Spain paid the second highest yield on short-term debt since the birth of the euro at an auction on Tuesday, reflecting a growing belief that the country will need a full sovereign bailout that the euro zone can barely afford.
Spain’s increasingly desperate struggle to put its finances right has seen its borrowing costs soar to levels that are not sustainable indefinitely. Italy, commonly regarded as too big to bail out, has been dragged along in its wake.
The Spanish Treasury raised €3.0 billion ($3.7 billion) of 3-, and 6-month T-bills, meeting its target. The average yield on the 3-month bill was 2.434%, up from 2.362 in June. For the six-month paper, the yield jumped to 3.691% from 3.237% last month.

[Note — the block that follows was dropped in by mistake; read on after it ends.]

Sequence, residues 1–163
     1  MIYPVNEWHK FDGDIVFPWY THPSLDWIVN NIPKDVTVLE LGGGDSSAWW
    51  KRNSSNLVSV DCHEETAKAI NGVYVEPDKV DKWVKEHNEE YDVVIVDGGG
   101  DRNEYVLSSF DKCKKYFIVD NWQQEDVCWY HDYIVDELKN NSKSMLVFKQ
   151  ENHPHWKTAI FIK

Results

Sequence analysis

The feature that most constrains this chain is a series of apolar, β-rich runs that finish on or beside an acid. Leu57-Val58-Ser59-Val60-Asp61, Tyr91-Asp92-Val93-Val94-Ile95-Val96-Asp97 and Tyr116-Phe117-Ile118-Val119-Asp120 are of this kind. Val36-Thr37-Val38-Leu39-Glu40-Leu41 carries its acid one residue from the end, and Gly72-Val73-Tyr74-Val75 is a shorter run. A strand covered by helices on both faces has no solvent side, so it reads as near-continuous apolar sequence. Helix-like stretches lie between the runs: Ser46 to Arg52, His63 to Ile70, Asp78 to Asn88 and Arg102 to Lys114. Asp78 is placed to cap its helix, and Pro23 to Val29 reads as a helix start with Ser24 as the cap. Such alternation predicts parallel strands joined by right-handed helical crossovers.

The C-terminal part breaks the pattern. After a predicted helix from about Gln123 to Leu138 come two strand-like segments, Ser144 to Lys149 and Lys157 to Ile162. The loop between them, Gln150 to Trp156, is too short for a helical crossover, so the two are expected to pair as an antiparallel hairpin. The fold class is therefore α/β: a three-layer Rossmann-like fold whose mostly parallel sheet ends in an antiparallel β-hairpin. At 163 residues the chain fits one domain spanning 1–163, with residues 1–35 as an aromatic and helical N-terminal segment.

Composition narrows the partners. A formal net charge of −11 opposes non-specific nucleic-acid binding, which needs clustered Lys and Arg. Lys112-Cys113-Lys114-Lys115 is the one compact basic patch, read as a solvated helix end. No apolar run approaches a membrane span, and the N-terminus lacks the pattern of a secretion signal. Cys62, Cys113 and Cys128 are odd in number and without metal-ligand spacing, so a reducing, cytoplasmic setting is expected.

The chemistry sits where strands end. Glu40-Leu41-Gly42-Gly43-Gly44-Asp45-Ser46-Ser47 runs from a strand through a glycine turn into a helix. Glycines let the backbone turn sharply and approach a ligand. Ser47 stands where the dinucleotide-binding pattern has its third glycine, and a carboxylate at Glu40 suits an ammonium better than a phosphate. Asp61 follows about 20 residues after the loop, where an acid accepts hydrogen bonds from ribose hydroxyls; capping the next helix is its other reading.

“The most important takeaway from this auction is that Spain was able get all its debt out the door,” said Nicholas Spiro of Spiro Sovereign Strategies. “Still, in March, Spain was able to issue six-month debt at a yield of under 1%, now it is paying 3.7%.”
Spain had cushioned itself by securing well over half its annual debt needs in the first six months of the year when market conditions were more benign but that advantage has now evaporated. On Friday, the government said it expected the economy to remain in recession well into next year while the autonomous region of Valencia became the first to ask Madrid for aid to pay debt obligations it cannot meet.